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GOP doubles down on health care repeal promise

6/28: SCOTUS upholds health care law; wounded troops' war for recovery
Chief Justice John Roberts, considered a solid conservative, joined the liberal justices to uphold key parts of the massive health care law, including the individual mandate; And, U.S. combat troops are expected to leave Afghanistan by the end of 2014. But after a trip to Walter Reed National Military Medical Center in Maryland, David Martin reports the patients are a reminder of a war we're still fighting.

(CBS News) Now that the Supreme Court has upheld the Affordable Care Act, the Republican party is doubling down on its promise to repeal the law.

The ruling, the GOP hopes, will increase voter opposition to the law, spur financial donors to write a few more checks, and ultimately turn out more Republican voters in November. The party is already touting numbers to prove the financial aspect of the plan is working.

And should anyone doubt the GOP's sincerity about its repeal efforts, they can look toward Republican-led states where leaders are still refusing to implement the law.

On CBS This Morning Friday, House Majority Leader Eric Cantor said the House would vote to repeal the law on July 11. The vote will be essentially symbolic, since the Democratic-led Senate would never follow suit, and President Obama would obviously never sign the repeal. But Cantor said that the continued debate over the health care law is "all about this election and whether this law is going to go forward or not... Mitt Romney will be the one that will, frankly, get the health care that most people want back on track."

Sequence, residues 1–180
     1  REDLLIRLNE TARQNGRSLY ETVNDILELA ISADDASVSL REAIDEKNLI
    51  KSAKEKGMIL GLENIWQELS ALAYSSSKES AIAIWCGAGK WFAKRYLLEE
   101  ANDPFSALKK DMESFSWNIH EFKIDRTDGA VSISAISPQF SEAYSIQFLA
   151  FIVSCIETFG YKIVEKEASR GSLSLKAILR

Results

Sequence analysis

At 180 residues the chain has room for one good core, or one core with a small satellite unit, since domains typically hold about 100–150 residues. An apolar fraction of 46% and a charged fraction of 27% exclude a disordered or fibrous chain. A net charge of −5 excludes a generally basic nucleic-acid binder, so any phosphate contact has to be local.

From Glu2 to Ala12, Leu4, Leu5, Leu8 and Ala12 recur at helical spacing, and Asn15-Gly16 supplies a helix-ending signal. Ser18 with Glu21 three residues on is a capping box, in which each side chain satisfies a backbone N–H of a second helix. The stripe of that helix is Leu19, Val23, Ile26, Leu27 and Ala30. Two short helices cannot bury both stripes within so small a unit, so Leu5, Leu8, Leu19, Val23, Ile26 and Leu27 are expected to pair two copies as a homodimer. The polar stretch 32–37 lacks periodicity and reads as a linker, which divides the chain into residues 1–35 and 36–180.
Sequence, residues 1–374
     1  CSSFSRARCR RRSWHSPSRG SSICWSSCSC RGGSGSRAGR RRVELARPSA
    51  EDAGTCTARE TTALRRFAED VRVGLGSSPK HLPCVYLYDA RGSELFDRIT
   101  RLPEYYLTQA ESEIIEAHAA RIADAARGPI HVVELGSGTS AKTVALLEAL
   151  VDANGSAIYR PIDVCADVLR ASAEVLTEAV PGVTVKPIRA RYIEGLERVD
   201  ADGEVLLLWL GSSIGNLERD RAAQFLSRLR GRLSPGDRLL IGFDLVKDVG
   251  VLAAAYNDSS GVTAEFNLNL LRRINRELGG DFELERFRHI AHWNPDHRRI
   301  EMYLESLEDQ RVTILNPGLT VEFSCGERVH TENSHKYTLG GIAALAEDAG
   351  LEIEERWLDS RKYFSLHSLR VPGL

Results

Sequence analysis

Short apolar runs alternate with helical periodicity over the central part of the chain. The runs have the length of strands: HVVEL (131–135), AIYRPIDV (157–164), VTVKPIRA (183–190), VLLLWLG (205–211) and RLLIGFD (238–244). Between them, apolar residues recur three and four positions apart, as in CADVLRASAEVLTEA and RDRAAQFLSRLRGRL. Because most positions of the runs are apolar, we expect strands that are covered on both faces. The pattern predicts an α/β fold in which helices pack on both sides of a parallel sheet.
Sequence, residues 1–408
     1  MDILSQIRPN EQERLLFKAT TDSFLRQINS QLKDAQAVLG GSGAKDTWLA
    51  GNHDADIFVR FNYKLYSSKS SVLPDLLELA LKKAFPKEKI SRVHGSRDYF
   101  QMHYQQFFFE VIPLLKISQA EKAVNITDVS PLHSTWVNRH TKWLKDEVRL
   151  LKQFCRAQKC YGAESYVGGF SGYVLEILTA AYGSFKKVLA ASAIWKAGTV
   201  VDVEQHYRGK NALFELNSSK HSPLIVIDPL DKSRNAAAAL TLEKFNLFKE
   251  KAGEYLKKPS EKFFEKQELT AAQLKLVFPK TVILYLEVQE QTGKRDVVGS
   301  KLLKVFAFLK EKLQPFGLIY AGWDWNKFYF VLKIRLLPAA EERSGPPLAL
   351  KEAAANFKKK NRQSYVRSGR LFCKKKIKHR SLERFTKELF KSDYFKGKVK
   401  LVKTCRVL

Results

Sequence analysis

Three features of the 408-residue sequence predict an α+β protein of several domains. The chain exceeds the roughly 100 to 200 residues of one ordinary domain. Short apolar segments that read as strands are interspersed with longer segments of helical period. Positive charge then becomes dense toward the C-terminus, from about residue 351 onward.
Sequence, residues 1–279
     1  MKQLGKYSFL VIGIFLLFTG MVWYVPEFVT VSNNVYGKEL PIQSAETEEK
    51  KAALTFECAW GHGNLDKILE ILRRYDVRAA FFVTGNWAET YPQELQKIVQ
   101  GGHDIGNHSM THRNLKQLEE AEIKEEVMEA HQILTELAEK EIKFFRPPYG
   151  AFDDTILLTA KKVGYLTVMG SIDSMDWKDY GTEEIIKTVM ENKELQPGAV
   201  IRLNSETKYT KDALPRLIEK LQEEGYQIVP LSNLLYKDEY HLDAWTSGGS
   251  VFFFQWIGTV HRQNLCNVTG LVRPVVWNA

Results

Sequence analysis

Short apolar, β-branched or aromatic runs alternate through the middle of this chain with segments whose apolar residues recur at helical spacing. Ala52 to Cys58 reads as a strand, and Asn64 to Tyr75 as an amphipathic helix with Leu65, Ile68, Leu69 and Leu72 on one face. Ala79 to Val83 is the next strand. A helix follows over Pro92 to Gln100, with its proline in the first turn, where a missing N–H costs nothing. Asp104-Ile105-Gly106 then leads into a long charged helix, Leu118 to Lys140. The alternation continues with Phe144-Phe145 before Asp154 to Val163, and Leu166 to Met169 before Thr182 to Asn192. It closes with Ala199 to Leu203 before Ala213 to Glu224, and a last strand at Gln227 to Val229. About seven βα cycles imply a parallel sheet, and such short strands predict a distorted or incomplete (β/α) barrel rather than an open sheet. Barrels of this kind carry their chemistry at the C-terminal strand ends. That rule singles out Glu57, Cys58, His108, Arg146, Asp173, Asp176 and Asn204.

Health care is hardly the most important issue for voters at this point, but Louisiana's Republican Gov. Bobby Jindal said Friday that the Supreme Court ruling is bringing the law back into public consciousness. He said he expects opposition to the law -- which polls show is already high -- will now increase.

"Reality's going to dawn on people," he said on a conference call with reporters. "The American people did not want or approve of Obamacare back then [when it passed], and they certainly don't now." Because of the court ruling, he continued, "People are actually thinking about it, focused on it."

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The fierce opposition drove Republicans to the polls in 2010, and yesterday's ruling prompted them to open their wallets. Mitt Romney's presidential campaign reported at 8:30 a.m. ET Friday that in the last 24 hours, it had raised $4.3 million with 43,000 donations online "from voters who have a renewed sense of energy to repeal and replace this bad law."

Repealing the law is an easy promise for Republicans to make, but it wouldn't be an easy promise to keep. Virginia's Republican Gov. Bob McDonnell insisted on a conference call with reporters Friday that Romney has been "unequivocal" in stating that repealing the law would be a "top priority."

"On day one he would do everything he could administratively to gut Obamacare," he said.